Awhile ago, I received a package of books in the mail from Running Press Kids, and while I appreciate the offer to get free books, these weren't exactly the kind of books that I read. My good friend and fellow reader, beserene, can sum it up best:
...So he got these two books and when he opened the package he had to laugh because obviously the publisher had not really paid any attention to the type of stuff he usually reviews. Girly horse books are not his thing. Fortunately, he has a friend who, once upon a time, used to live on girly horse books (yeah, that would be me) so he took the opportunity to pass the book (tee hee) and I agreed to review them. Here is the result:
Rainy Day Rescue: Saddle Wise, Book 1 and The Quarter Horse Foal: Saddle Wise, Book 2 by Inda Schaenen
The problem with Inda Schaenen’s horse-and-girl series is that it can’t really decide what it wants to be. The first book, Rainy Day Rescue, starts with the premise that the main character, a girl named April, has been terrified of horses her whole life because her parents were killed in a horse-riding accident when she was just a toddler. 'Okay,' the reader thinks, knowing by the cover and the series title that this is a horse-and-girl book, 'this will be interesting to see how she progresses through her fear and overcomes it by the end.' But then the book resolves April's fear in just a few more pages, making references to her being a "natural" with horses, and suddenly that lifelong fear, and its plotline, have disappeared. Wait, what? That was my reaction. Still, there is more book to go, so the reader carries on. 'Okay,' the reader thinks again, 'the expected didn't happen – that can be a good thing – so perhaps this will be about the girl struggling to get her horse, or to build a relationship with it, or maybe to achieve some horsemanship challenge.' But these issues are also resolved quickly and easily.
In fact, "easy" pretty much characterizes each new plot point in this slim book – every time the reader anticipates a challenge, it turns out to be no big deal. And that really becomes the disappointment of the series (because the second book, The Quarter Horse Foal is more of the same). Most of its time is spent on overt didacticism – April reflecting on herself and her relationship with her aunt, with occasional diversions to teach unsubtle lessons about patience, tolerance, etc. – and the ins-and-outs of daily horse care, which is necessary, but not necessarily thought through here. If this is a series for girls who already love horse-and-girl books, for those who started reading Marguerite Henry's Big Book of Horses at the tender age of 4 (okay, that would be me), then the instructions in horse care are old hat, and spending so much time on them (and those all-too-convenient lessons) is, frankly, boring. If, however, this is a series for girls who are not already acquainted with horses, or even for those who are a little afraid of them, then the details are good, but the instant-cure approach to that fear and the easy horse-and-girl heroism that so quickly follows will probably leave them somewhat alienated. I think this is a case of trying to be all things to all people (or at least all girls) and unfortunately falling somewhat flat.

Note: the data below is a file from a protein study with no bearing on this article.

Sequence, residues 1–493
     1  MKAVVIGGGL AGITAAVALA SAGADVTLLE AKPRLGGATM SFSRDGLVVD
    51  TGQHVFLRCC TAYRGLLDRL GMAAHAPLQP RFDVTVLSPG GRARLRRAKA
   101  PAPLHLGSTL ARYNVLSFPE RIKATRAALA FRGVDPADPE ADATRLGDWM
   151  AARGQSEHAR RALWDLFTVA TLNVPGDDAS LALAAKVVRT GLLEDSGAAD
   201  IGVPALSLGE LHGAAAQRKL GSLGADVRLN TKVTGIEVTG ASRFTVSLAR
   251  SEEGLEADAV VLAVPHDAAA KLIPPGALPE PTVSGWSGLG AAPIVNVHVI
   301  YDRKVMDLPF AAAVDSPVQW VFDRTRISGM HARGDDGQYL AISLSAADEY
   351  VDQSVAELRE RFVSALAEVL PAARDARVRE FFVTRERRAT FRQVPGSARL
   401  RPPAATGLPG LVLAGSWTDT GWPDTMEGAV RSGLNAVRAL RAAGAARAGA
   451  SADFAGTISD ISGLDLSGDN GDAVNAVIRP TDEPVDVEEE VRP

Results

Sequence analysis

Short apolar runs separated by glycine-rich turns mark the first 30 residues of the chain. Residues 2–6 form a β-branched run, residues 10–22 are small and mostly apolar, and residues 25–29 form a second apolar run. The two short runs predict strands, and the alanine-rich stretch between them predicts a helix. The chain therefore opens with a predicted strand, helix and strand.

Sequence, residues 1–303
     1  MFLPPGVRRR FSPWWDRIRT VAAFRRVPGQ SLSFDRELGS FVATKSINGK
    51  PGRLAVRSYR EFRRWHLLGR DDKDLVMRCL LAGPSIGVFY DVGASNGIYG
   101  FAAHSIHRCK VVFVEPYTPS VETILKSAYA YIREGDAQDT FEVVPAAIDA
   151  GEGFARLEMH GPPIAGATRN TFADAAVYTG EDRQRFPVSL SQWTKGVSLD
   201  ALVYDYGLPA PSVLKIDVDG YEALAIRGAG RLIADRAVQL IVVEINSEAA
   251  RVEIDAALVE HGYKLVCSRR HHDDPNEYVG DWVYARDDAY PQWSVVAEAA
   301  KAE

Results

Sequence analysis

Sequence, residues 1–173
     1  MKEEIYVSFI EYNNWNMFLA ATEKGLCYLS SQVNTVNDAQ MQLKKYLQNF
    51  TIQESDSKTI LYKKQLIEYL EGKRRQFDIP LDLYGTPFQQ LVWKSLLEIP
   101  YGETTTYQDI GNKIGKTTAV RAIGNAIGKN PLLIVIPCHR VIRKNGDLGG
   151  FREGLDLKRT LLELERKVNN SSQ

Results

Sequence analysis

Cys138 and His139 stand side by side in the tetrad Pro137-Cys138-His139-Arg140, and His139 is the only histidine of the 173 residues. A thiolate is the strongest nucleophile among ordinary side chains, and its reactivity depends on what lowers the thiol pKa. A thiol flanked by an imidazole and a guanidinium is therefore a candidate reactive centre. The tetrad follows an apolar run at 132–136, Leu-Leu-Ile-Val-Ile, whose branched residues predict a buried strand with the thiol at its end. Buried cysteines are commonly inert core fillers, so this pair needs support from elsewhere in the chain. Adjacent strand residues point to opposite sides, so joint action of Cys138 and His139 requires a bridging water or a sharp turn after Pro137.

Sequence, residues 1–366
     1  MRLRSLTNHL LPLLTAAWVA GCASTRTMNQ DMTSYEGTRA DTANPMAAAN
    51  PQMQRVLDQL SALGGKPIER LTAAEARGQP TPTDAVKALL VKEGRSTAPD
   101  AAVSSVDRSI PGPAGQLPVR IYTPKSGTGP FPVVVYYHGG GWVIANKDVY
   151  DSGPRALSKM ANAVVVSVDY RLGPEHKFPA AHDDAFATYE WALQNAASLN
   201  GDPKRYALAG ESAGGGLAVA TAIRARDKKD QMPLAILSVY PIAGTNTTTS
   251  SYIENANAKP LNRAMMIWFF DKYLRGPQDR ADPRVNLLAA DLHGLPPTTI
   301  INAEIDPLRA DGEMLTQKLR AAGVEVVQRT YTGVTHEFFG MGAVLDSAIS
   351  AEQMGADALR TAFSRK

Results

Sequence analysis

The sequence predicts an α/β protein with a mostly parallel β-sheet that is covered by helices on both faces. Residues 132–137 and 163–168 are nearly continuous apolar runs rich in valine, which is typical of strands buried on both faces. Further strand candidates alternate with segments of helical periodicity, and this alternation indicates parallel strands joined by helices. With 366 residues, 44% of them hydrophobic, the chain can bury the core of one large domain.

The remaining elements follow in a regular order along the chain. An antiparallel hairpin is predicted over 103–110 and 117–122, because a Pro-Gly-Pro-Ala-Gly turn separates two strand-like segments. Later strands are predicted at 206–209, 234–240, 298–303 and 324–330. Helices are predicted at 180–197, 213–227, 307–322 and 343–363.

There are some redeeming moments, of course. The interactions between April and her aunt, including their inside joke of "sometimes all a person can do is…" are sweet and several of the side characters are quite charming (though there are a couple of characterization inconsistencies between the two books, especially with Mr. McCann). The horse trailer accident at the beginning of the first book is vividly and cinematically written, and there are other moments of wonderful description which allow the reader to "see" the world that Schaenen has envisioned. There are also fun allusions to the classic horse stories that have gone before – Black Beauty, National Velvet, and others. Unfortunately, mentioning those brilliant classics, while obviously intended to direct girls to read those books (again with the unsubtle didacticism) or to cozy up to those who have, also sets up an inevitable comparison: those are great novels; this is not. It seems like this series was written as a prescription for a struggling reader who likes horses but doesn’t have the consuming passion of most horse girls, or in the line of 19th century girls books that aim to instruct more than entertain. If those are your intentions (and good luck with them), this series is fine, but there are better horse-and-girl books, including chapter books and series, out there.